London 2012's chairman, Lord Coe, this week defended the association in the face of hostile questioning from the London Assembly member Navin Shah, who said the issue was "damaging the credibility of the standing of London and the Games".
Hamilton said: "The people attacking Dow have woefully underestimated our character and who we are. They have underestimated our character, the contribution we've made to responsible care and use of chemicals, and they've underestimated our stamina. We've been here for 112 years and we're planning to go for the next 100."
Hamilton said that it had bought the assets of Union Carbide, the company that owned the Bhopal plant at the time of the gas leak, seven years after the Indian subsidiary had been divested to a third company, McLeod Russel India Ltd. He said: "We didn't buy the Indian assets or liabilities because they had sold them to McLeod Russel. So now to get Dow to take some action that says we are responsible. Legally? No. Ethically, morally? No."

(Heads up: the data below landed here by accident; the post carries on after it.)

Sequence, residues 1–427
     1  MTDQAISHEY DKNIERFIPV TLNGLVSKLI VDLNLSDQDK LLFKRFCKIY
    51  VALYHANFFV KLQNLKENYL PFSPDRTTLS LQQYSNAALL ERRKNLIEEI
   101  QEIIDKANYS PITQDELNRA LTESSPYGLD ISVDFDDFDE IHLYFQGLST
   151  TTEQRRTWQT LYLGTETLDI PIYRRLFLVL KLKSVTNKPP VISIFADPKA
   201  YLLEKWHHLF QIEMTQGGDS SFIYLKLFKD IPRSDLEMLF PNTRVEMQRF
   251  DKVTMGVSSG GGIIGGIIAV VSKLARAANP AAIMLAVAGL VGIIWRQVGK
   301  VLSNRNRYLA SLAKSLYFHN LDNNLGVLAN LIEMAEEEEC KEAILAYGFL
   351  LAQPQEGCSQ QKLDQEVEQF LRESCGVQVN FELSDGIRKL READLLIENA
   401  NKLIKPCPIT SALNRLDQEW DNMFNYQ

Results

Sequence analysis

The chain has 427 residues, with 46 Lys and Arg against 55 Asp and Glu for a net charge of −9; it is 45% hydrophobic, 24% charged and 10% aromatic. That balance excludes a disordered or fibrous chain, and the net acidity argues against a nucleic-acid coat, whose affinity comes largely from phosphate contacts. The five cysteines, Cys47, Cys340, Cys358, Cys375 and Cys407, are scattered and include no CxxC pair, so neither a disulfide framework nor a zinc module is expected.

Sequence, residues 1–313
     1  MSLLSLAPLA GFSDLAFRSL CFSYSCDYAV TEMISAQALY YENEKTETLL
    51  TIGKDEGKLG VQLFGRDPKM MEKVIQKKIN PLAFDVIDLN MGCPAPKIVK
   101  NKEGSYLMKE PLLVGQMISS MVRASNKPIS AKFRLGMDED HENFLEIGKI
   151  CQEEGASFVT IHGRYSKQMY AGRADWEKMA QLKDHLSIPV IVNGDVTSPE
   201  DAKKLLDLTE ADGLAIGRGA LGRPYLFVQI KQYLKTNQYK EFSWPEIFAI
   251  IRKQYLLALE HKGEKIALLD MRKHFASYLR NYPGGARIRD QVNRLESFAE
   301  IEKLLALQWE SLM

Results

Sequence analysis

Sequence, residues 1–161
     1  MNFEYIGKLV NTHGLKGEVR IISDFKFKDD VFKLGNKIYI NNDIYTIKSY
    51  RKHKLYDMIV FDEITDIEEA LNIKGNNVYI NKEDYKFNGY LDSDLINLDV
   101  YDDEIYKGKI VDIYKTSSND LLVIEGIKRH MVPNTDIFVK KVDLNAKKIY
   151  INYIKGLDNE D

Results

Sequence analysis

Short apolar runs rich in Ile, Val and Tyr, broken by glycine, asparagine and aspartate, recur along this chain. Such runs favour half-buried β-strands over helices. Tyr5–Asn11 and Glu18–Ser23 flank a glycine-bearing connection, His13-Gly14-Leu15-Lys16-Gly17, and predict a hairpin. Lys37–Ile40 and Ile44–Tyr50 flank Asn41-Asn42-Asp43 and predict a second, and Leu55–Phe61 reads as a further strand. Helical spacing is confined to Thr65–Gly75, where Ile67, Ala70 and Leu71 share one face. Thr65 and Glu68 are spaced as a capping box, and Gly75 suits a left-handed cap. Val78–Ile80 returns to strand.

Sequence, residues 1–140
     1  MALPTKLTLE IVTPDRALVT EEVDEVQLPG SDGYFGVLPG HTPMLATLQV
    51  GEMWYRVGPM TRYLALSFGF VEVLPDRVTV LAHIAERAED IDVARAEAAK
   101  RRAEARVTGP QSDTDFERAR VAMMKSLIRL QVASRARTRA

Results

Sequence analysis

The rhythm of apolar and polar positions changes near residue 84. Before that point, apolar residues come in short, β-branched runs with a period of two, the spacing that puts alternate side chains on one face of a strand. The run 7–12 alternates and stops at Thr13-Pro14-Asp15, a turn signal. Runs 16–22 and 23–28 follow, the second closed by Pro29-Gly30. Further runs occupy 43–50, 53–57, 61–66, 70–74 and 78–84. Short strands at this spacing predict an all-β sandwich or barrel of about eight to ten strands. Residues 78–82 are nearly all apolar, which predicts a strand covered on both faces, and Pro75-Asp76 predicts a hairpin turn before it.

The issue has escalated to the point where Indian government officials are considering boycotting the opening and closing ceremonies. The IOC on Thursday responded to a letter from the Indian sports ministry asking it to reconsider by restating its position that Dow neither owned nor operated the plant at the time of the disaster.
Barry Gardiner, the Labour MP who is leading a group calling for the deal to be re-examined, said that the issue of Dow's liability over Bhopal was only one among several that made it unfit to be associated with the Olympics. "This is not simply about one thing in a particular point in time. This company is not fit to be associated with the most sustainable Olympic Games ever."
Following a recent Westminster Hall debate, Gardiner said that he had written again to Coe outlining a series of issues with Dow and with the procurement process. He said he had yet to receive a reply.
Hamilton said Dow had decided to get involved with the Olympics to reach into new markets, including Russia and Brazil where the next two Games will take place, accelerate its "transformation strategy" of moving from being seen as the equivalent of a utilities company to a "solutions provider" and as a staff motivation tool.